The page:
Impact of Law Enforcement Activities on Risk of Firearm Deaths in Brazilian Cities

Kenneth H. Tiedemann


cause of death, firearms, law enforcement, mortality rates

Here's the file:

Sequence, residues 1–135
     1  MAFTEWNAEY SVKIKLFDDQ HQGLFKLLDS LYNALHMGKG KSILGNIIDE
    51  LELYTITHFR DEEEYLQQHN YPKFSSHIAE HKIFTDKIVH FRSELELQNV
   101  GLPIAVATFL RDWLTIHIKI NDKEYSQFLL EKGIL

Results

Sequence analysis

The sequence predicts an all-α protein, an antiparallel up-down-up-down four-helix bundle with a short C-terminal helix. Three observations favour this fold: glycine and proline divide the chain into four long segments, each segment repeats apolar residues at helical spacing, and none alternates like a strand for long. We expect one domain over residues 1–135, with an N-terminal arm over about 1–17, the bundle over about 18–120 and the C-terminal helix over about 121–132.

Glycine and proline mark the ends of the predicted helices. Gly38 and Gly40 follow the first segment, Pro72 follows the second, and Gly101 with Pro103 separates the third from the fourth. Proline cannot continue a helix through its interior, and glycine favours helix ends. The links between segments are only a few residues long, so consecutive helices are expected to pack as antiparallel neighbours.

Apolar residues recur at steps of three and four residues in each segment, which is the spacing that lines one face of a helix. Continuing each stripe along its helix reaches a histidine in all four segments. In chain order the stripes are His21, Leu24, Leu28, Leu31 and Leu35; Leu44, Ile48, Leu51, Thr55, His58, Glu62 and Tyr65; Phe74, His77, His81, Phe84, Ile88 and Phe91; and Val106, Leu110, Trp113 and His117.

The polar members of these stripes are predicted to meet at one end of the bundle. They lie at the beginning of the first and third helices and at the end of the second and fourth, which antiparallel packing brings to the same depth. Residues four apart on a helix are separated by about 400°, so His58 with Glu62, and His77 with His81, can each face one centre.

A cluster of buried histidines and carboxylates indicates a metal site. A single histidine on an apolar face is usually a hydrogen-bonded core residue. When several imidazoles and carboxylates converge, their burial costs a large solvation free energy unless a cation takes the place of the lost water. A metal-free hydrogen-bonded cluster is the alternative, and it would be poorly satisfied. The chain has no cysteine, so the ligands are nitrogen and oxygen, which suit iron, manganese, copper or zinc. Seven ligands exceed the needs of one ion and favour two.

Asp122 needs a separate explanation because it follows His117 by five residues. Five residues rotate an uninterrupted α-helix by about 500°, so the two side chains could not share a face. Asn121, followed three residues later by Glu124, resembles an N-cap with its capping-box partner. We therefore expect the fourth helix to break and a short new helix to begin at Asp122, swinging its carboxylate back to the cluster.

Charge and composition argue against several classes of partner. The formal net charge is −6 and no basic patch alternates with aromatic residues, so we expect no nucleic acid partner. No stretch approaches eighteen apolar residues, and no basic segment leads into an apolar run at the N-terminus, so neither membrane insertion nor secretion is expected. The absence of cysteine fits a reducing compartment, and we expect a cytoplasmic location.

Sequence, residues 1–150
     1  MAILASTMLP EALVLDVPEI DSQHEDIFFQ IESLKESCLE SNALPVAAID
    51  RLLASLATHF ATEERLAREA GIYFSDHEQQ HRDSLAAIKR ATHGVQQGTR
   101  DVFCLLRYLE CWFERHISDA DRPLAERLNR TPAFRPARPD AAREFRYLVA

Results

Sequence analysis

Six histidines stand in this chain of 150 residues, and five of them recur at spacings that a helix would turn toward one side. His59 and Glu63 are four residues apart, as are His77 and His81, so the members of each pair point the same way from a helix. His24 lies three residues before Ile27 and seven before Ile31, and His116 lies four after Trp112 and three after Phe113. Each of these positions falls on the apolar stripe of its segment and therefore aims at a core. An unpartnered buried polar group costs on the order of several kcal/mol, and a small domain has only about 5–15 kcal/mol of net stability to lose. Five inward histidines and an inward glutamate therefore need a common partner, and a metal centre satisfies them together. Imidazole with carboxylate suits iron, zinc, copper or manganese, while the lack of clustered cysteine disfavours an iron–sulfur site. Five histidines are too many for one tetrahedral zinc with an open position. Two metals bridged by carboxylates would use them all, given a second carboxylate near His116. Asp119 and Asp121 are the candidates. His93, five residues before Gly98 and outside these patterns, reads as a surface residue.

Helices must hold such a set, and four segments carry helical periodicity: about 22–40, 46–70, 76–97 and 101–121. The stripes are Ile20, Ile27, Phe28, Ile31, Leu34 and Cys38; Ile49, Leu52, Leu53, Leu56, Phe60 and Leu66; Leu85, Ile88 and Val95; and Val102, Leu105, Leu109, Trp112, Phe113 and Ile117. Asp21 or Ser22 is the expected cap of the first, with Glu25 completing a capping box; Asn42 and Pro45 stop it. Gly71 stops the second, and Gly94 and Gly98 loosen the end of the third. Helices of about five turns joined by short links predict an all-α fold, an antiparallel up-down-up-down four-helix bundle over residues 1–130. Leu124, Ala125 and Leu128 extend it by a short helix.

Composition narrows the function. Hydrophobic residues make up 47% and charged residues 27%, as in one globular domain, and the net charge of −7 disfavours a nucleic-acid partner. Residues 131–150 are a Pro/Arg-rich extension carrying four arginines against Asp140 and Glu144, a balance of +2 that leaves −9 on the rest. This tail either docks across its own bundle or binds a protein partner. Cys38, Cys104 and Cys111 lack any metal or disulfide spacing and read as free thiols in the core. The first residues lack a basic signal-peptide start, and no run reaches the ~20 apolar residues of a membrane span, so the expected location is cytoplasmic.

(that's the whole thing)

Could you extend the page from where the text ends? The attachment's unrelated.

Brazil is one of the most violent societies in the world, with death rates from firearms greater than those of most countries, excluding Columbia and El Salvador. This study examines the impact of law enforcement activities on risk of firearm deaths in major Brazilian cities, using cross section data regression analysis. Key findings include the following. First, major causes of external death for all Brazilians are non-firearm related causes at 48.2%, road traffic crashes at 27.8% and firearms at 24.0%. Second, overall firearm related death rates are more than ten times higher for males than for females. Third, an increase in the level of income increases the potential rewards from crime and increases the death rate from firearms, while an increase in enforcement actions reduces the rewards from crime and reduces the death rate from firearms. These findings suggest that further focussed enforcement activities could reduce the risk of firearm deaths in Brazil.

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